University of Washington students create anthrax destroying protein

Students from the University of Washington took home a first-place prize from an international genetic engineering competition for developing an anthrax destroying protein and engineering a type of E. coli that targets harmful bacteria.

The 14-student team is comprised of students that are mostly majoring in biology or biology-related fields. They placed first in the Health and Medicine division of the International Genetically Engineered Machine competition for their design of these non-traditional antibiotics, according to

The iGEM competition involves students from around the world and was developed to advance the field of synthetic biology by challenging participants to design and build systems in living cells.

“They were tasked with coming up with a cool idea for what you could do with engineered life forms, and then actually building some aspect of that,” Eric Klavins, team faculty adviser and an electrical engineering assistant professor, said, reports.

The undergraduates, who were led by faculty advisors and graduate students, set out to engineer microbes with the intent of developing a new type of antibiotic. One group within the team designed and built the anthrax-destroying protein while the other group re-engineered E. coli to target and destroy dangerous microbes without disturbing healthy cells.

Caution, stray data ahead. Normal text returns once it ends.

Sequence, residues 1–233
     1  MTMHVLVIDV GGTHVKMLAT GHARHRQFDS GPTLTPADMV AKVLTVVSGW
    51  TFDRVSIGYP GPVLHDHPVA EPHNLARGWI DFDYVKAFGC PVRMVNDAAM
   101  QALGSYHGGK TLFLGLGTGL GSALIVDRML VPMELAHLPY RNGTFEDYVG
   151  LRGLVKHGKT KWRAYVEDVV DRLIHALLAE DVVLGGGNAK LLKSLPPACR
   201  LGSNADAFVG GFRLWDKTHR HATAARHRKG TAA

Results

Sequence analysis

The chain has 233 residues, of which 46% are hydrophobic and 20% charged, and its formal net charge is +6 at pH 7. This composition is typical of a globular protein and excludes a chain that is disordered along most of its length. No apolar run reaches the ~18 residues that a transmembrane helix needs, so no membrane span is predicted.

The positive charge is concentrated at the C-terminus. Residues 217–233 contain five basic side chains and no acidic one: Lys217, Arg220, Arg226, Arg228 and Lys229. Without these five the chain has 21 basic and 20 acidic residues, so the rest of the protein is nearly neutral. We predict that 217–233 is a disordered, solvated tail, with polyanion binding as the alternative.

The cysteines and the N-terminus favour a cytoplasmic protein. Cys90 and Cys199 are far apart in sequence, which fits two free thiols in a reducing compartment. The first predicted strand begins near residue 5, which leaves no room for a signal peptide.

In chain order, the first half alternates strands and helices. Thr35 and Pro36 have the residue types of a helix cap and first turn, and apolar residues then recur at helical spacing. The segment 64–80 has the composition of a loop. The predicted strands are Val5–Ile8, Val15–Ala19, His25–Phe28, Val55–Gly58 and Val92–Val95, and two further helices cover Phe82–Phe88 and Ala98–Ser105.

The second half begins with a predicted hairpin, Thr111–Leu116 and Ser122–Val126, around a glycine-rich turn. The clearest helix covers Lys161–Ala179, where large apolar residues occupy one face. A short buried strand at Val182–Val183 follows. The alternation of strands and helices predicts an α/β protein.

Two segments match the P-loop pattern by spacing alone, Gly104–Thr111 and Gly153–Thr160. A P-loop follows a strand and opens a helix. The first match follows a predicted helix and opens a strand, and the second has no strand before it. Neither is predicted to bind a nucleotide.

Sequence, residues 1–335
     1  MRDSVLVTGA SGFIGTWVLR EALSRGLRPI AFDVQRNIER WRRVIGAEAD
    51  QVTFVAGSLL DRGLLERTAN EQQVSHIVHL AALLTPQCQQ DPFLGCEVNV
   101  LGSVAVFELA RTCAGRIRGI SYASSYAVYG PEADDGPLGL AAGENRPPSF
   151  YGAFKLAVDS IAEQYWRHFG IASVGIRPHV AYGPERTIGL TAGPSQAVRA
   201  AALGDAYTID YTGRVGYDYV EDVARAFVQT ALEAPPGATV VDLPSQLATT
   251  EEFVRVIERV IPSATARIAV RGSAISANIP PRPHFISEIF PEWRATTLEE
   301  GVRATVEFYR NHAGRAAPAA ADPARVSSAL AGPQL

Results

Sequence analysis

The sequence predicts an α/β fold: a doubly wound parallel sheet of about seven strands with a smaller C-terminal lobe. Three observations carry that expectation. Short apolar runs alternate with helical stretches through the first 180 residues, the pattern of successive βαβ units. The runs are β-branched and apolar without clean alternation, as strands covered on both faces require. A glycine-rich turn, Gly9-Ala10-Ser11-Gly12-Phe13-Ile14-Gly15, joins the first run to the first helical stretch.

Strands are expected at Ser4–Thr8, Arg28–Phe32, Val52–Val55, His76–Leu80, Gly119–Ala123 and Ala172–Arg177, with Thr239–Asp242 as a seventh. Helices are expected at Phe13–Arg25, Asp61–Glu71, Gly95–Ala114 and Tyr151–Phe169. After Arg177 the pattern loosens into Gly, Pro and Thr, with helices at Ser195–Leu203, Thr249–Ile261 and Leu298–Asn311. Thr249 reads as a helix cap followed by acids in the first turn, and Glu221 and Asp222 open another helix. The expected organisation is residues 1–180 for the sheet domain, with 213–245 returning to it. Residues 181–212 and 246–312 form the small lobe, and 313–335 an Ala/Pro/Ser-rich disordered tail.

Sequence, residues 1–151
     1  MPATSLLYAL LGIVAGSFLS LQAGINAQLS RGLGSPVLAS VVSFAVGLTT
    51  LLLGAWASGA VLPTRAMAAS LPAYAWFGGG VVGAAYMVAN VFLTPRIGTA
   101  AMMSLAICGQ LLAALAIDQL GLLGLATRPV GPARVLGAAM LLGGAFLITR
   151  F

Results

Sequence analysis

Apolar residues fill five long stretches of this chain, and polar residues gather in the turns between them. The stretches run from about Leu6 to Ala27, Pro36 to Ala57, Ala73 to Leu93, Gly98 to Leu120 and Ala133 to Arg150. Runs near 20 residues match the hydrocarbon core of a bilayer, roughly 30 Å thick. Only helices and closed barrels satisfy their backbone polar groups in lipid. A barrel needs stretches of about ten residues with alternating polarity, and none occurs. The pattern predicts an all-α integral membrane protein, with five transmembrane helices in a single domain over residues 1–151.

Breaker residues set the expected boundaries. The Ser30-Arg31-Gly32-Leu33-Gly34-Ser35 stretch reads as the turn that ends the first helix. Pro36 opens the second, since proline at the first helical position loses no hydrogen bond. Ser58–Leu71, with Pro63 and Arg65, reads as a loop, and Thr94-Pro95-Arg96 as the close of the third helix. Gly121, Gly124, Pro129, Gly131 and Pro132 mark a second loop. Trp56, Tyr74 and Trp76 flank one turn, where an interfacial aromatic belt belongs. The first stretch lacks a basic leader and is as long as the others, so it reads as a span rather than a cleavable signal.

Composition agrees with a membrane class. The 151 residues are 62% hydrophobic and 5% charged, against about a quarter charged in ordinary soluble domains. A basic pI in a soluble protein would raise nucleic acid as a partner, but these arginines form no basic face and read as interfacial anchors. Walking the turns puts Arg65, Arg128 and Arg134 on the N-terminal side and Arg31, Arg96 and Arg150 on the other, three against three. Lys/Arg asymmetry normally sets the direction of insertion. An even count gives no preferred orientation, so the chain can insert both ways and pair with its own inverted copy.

The U.S. Army’s Medical Institute for Infectious Diseases is already testing the anthrax destroying protein to see if it could be useful in the field.

“Twentieth-century antibiotics like penicillin have been very powerful, but they’re starting to have problems as resistance gets really common,” Chris Eiben, a biology major on the project, said, reports. “We’re starting to have to use harsher antibiotics that are more detrimental to people. We wanted to start bringing proteins and microbes into the fold and see how that worked.”

The majority of the team’s work was done on a small budget over the summer months. They generally worked 10 hour days to get ready for the November 6 start of iGEM at the Massachusetts Institute of Technology.

At the competition, the team presented their findings in front of a panel of industry-expert judges and an audience of several hundred people, reports. They competed against 139 teams from around the world and were one of only two U.S. teams to win category specific awards.